Document Actions


Learning from Small Cities: Governing Imagined Futures and the Dynamics of Change in India's Smart Urban Age

  • Co-Investigator: Dr Melissa Butcher (with Dr Ayona Datta (PI), Dr Sophie Hadfield Hill (Co-I), Prof. Sanjay Srivastava (Co-I) and Dr Ritajyoti Bandyopadhyay)
  • Funder: ESRC-ICSSR (2018-2020)
  • A major research project examining the challenges of small cities becoming ‘smart cities’ in India. In collaboration with Kings College London, Birmingham University, the Institute of Economic Growth (Delhi) and the Indian Institute of Science Education and Research, the two-year project will highlight what we can learn from the process of change in small cities in India as they are transformed by smart technologies and infrastructure. A central research question for the team is how residents of small cities live with changes brought about by smart city developments, and what is the difference between how state plans for urban transformation are imagined by local authorities compared to how they are actually lived by residents.
  • The team will take an interdisciplinary approach from urban, social and cultural geography, as well as sociology and geo-informatics to learn from three small cities in India: Shimla, Jalandhar and Nashik. In each of these cities, the project team will undertake analysis of imagined urban futures through longitudinal mapping, crowdsourced digital and community asset mapping and interviews with stakeholders and beneficiaries of smart city projects. While much of the work on smart cities has focused on larger, capital centres, project focuses specifically on 'ordinary cities' with social, cultural, political, and historical contexts of 'smallness' that has kept them 'off the map' of urban studies.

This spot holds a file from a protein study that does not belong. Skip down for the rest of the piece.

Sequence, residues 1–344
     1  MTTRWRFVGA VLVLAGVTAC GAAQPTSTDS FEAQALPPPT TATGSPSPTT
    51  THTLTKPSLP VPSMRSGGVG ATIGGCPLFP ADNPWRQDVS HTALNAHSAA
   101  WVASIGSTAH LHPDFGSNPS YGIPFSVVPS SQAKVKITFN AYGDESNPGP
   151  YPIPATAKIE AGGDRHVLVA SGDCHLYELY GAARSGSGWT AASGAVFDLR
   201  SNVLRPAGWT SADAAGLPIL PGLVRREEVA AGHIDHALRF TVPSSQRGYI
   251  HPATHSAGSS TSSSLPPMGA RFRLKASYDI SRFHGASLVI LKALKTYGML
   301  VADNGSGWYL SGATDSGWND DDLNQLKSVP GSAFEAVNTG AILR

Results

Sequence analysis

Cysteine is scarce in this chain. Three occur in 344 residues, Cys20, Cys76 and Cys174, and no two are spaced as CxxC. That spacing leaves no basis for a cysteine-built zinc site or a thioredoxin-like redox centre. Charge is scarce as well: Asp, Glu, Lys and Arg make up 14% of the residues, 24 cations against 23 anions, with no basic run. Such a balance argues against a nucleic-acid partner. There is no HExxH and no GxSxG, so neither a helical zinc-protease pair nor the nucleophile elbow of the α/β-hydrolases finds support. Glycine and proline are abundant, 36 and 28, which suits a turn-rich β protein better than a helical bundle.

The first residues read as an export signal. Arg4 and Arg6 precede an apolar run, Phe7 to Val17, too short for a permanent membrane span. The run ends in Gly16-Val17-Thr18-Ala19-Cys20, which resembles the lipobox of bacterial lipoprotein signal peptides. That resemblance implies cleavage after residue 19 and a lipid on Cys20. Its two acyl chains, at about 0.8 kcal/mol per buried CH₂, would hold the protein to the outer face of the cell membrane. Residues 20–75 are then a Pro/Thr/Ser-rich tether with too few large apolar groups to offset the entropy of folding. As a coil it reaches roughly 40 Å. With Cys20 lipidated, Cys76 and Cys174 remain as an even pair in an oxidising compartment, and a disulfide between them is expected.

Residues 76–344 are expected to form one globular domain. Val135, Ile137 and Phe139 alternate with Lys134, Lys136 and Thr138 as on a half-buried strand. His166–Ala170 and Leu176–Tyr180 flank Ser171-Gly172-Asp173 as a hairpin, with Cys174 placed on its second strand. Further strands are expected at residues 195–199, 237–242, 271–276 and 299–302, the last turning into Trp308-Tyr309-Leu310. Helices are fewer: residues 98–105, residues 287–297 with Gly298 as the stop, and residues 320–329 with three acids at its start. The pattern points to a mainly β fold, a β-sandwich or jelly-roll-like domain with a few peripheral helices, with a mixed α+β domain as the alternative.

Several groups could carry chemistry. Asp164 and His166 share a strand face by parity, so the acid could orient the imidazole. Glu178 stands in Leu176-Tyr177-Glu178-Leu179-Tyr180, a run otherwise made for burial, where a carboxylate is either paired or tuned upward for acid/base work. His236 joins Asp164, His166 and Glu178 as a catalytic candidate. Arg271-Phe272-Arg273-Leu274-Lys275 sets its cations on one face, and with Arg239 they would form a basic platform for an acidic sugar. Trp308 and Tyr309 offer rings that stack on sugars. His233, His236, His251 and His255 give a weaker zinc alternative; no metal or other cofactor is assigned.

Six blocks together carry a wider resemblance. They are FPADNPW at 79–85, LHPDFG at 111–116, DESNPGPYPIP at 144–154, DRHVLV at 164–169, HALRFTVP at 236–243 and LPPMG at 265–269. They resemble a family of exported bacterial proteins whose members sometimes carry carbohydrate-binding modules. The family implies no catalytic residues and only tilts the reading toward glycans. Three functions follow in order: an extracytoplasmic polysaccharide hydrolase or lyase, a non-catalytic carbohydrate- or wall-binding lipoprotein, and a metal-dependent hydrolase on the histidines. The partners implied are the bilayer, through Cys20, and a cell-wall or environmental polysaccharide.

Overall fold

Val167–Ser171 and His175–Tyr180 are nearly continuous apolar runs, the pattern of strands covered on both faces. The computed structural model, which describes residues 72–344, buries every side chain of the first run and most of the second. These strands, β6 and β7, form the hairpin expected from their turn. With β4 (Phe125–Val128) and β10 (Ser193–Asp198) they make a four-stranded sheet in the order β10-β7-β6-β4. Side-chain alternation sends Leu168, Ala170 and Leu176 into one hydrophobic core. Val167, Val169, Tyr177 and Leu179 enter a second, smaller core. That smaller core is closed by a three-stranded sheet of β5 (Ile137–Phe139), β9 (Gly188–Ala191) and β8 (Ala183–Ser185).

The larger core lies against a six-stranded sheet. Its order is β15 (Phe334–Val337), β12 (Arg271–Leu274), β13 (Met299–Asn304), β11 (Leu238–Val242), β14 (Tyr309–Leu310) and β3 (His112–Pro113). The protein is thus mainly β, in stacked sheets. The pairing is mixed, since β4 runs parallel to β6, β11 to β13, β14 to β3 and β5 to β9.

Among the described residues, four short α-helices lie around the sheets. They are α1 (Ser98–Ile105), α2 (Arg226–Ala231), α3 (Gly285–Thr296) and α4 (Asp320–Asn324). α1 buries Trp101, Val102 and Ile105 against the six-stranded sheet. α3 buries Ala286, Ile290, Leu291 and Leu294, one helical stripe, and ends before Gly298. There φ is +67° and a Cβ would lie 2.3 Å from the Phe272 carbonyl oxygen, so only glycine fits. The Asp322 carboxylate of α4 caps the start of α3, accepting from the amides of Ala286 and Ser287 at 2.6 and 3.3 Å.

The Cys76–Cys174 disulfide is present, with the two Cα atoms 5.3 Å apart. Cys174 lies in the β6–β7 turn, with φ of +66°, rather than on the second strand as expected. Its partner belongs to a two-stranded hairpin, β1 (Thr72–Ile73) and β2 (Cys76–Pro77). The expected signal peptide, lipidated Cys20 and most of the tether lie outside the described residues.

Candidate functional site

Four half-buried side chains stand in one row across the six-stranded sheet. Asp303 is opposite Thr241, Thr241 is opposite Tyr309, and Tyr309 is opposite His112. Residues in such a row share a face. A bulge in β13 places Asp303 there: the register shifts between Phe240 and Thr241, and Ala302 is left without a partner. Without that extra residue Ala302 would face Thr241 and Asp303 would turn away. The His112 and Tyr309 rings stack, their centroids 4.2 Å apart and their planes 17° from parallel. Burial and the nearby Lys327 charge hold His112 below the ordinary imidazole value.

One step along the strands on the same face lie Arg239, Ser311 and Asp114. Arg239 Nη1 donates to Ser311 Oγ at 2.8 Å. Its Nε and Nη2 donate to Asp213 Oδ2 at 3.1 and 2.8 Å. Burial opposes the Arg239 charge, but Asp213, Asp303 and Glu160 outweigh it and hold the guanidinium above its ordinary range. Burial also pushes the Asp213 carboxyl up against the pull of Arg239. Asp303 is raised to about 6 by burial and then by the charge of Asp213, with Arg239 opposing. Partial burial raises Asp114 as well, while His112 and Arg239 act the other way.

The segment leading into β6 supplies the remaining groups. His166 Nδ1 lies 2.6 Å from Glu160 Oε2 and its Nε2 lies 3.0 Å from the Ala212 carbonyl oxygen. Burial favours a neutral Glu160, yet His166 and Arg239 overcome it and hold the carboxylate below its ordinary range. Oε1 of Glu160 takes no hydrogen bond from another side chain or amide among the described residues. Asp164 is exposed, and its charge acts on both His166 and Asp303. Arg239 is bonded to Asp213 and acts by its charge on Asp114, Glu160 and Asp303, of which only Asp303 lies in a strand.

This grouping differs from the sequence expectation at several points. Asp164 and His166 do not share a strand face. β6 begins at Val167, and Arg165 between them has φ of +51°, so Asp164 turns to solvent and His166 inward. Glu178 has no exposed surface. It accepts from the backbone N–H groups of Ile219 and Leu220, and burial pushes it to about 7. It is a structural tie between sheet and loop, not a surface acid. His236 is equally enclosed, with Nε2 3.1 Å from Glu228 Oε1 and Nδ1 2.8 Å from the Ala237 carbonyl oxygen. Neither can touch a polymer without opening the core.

• The project aims to deliver a variety of outputs to contribute to both academic and policymakers understanding of the dynamics of smart city interventions, including animated info-graphics, policy briefing pamphlets, and an exhibition and catalogue to maximise the impact of the research.

RESOLUTION: Resilient Systems for Land Use Transportation

  • Principal Investigator: Dr Joana Barros
  • Funder: ESRC and the São Paulo Research Foundation (FAPESP) (2015-18).
  • In a context of rapid urban growth, cities across the world are increasingly defined by inequality. RESOLUTION: REsilient Systems fOr Land Use TransportatION is a collaborative project between Brazilian and British academics exploring the impacts of unequal access to transport on different social groups in the metropolitan areas of London and São Paulo. The project aims to develop: a) a strong physical-functional measurement of accessibility across many spatial scales with focus on relationships to poverty and inequality as reflected in the segregation and polarisation of different social groups; and, b) a simple model of residential segregation that relate to how changes in transportation exacerbate or reduce spatial segregation, locking in or out different populations from access to transport.
  • The project has a strong comparative focus, using one city to probe the other and, thus, testing methodologies, hypothesis and theories in different urban contexts. The research will identify similarities and differences between the two metropolitan regions to tease out the broader social implications of transport access on mobility, segregation and other trends.
  • The results will be of relevance to a range of stakeholders, including policy makers, academics and planners, working on improving opportunities for marginalised groups through more equitable transport systems. As the focus is comparative and global, the findings will have broader implications not only for London and São Paulo but also other large cities facing the same challenges.
  • Project partners include: Centre for Advanced Spatial Analysis (CASA), UCL; Department of Geography, Birkbeck, University of London; Centre for Metropolitan Studies, University of São Paulo (USP); Polytechnic School, University of São Paulo (USP); Centro de Engenharia, Modelagem e Ciências Sociais Aplicadas, Federal University of ABC (UFABC); Brazilian National Institute for Space Research (INPE).

Creating Hackney as Home: youth and gentrification in London

  • Principal Investigator: Dr Melissa Butcher
  • Funder: ESRC (2013-2015)
  • Using participatory video research, Creating Hackney as Home aimed to understand the changing experience of ‘home’ and belonging among young people in a rapidly changing borough of east London. The research drew on a collaboration between Dr Melissa Butcher’s previous work on youth, identity and belonging, the estate-based youth theatre company, Immediate Theatre, and the film production company Mouth That Roars (MTR). Publications can be found on BIROn.
  • Read more about the project